Astronomers have detected two big, unexplained objects erupting from the Universe’s brightest black hole.
The supermassive black hole 3C 273 was discovered in a 1959 survey of cosmic radio-wave sources is a quasar – short for “quasi-stellar object,” because the light emitted by these giants is bright enough to be mistaken for starlight.
While black holes themselves do not emit light, rather they are surrounded by massive swirls of gas known as accretion discs. As gas falls into the black hole at near-light speed, friction heats the disc, causing it to blaze with radiation, which is typically detected as radio waves.
What Was The First Quasar To Be Discovered?
The first quasar to be discovered was 3C 273. It’s also the brightest, shining more than 4 trillion times brighter than Earth’s Sun despite being more than 2.4 billion light-years away.
Scientists have spent decades researching the flaming black hole nucleus, but analyzing the surrounding galaxy that hosts it has been nearly impossible due to the quasar’s brightness. Ironically, quasars’ extraordinary brightness has kept scientists largely in the dark about how they affect their host galaxies.
Can We Observe The Quasars?
A team of astronomers used the Atacama Large Millimeter/submillimeter Array (ALMA) radio telescope in Chile to calibrate it so that it could distinguish the radiant glow of quasar 3C 273 from the light generated by its host galaxy.
They were left with only the quasar’s galaxy’s radio waves, which revealed two gigantic and enigmatic radio structures that had never been seen before.
One structure appears to be a massive smear of radio light that envelops the entire galaxy and extends thousands of light-years to the southwest. This radio fog collides with the second structure, a massive energy jet known as an astrophysical jet that reaches for tens of thousands of light-years as well.
Why Are Quasars Strange?
Astrophysical jets are a mystery to scientists. They don’t know how or why they form. They do know that jets are prevalent near quasars and other supermassive black holes, and that they are most likely caused by interactions between the black hole and its dusty accretion disc. Ionized (electrically charged) matter is used to make jets, which travel at near-light speed.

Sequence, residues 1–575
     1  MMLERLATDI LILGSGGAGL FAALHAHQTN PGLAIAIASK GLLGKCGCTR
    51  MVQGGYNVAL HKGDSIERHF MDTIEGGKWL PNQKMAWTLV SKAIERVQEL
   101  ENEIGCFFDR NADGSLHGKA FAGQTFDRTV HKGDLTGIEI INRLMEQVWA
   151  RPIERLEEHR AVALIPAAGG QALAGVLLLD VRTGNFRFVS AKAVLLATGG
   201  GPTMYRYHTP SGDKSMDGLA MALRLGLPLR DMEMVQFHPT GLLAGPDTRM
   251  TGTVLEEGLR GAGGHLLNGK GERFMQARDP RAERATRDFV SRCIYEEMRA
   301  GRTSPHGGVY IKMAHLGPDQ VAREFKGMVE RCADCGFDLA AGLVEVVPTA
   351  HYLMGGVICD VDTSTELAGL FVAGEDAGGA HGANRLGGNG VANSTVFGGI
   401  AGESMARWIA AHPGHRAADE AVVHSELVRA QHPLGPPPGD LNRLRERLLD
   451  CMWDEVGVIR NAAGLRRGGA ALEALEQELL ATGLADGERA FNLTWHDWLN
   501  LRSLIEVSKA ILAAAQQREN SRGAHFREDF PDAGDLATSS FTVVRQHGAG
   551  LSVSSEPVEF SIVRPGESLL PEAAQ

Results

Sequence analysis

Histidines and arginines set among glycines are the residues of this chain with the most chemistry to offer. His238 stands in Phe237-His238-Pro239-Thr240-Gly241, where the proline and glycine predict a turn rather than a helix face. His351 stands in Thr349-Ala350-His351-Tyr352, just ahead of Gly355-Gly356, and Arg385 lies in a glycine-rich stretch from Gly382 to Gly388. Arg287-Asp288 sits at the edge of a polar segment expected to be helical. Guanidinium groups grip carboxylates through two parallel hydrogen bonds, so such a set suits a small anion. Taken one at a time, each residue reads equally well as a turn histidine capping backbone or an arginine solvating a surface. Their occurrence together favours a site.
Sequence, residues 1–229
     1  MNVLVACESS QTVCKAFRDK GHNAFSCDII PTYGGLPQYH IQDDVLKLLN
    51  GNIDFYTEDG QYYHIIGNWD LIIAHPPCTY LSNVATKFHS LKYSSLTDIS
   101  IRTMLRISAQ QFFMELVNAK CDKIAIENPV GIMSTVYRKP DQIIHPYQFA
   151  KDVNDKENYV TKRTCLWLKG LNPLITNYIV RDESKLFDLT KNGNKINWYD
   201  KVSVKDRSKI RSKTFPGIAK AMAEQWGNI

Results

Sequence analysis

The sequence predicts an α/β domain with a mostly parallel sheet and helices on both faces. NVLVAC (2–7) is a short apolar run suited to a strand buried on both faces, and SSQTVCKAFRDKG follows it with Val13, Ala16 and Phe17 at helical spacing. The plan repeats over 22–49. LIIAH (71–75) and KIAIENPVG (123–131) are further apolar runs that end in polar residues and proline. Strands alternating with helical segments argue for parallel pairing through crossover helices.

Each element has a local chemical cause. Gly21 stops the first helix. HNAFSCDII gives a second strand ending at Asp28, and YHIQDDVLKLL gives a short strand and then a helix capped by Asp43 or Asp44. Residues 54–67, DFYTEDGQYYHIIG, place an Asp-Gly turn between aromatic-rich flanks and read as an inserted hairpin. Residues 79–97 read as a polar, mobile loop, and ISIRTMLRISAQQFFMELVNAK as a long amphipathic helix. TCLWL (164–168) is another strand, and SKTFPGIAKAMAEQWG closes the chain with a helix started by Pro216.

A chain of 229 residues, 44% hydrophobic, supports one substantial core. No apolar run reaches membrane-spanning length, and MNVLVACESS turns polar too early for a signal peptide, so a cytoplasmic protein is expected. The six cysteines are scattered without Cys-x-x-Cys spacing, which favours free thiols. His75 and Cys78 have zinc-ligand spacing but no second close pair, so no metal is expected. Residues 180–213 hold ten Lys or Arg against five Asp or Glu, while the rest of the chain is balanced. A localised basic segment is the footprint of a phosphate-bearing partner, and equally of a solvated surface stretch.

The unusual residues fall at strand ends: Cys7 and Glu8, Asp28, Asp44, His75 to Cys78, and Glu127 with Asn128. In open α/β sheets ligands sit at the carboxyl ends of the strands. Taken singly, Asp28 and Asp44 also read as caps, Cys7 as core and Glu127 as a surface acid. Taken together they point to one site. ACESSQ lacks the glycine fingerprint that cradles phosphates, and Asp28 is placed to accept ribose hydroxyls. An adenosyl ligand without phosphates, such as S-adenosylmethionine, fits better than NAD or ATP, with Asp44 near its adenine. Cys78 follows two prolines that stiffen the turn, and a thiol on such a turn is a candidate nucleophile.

The radiation emitted by these jets can look brighter or darker depending on the radio frequency at which it is observed; nevertheless, the huge radio structure orbiting galaxy 3C 273 had a consistent brightness regardless of frequency. This shows that the two radio structures are formed by independent, unconnected events, according to the researchers.
What Is The Secret Behind The Huge Radio Fog?
After putting numerous possibilities to the test, the researchers came to the conclusion that the huge radio fog seen around the galaxy is caused by star-forming hydrogen gas being ionized directly by the quasar.
According to the researchers, this is the first time ionized gas has been discovered reaching tens of thousands of light-years around a supermassive black hole.
This finding sheds light on a long-standing astronomical puzzle: can a quasar ionize enough gas in its host galaxy to prevent new stars from forming? To get an answer, the researchers compared the estimated gas mass of the galaxy to that of other galaxies of similar type and size.
What Did The Researchers Find?
They discovered that, while the quasar had ionized a massive amount of gas, rendering it unusable for formation of star. Star formation in the galaxy as a whole had not been repressed. This shows that galaxies with radiation-belching quasars at their centers can nonetheless be thriving and growing.
In a statement, principal study author Shinya Komugi, an associate professor at Kogakuin University in Tokyo, said, “This discovery opens a new way to studying difficulties previously solved utilizing observations by optical light.”
“We hope to understand how a galaxy evolves through its interaction with the core nucleus by applying the same technique to other quasars.”